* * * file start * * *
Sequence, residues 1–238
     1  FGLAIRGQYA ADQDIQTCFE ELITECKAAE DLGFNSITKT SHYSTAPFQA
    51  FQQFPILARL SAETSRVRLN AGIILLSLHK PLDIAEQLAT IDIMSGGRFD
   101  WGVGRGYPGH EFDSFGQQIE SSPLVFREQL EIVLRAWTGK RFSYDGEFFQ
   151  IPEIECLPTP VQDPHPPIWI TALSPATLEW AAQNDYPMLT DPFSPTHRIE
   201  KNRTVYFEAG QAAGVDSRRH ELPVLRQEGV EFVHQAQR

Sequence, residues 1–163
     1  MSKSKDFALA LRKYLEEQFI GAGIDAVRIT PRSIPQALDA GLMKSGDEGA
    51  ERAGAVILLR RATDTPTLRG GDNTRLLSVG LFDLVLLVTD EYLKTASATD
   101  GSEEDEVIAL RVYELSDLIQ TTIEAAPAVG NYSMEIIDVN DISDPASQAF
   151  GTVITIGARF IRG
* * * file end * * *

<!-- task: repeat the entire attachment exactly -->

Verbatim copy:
Sequence, residues 1–238
     1  FGLAIRGQYA ADQDIQTCFE ELITECKAAE DLGFNSITKT SHYSTAPFQA
    51  FQQFPILARL SAETSRVRLN AGIILLSLHK PLDIAEQLAT IDIMSGGRFD
   101  WGVGRGYPGH EFDSFGQQIE SSPLVFREQL EIVLRAWTGK RFSYDGEFFQ
   151  IPEIECLPTP VQDPHPPIWI TALSPATLEW AAQNDYPMLT DPFSPTHRIE
   201  KNRTVYFEAG QAAGVDSRRH ELPVLRQEGV EFVHQAQR

Sequence, residues 1–163
     1  MSKSKDFALA LRKYLEEQFI GAGIDAVRIT PRSIPQALDA GLMKSGDEGA
    51  ERAGAVILLR RATDTPTLRG GDNTRLLSVG LFDLVLLVTD EYLKTASATD
   101  GSEEDEVIAL RVYELSDLIQ TTIEAAPAVG NYSMEIIDVN DISDPASQAF
   151  GTVITIGARF IRG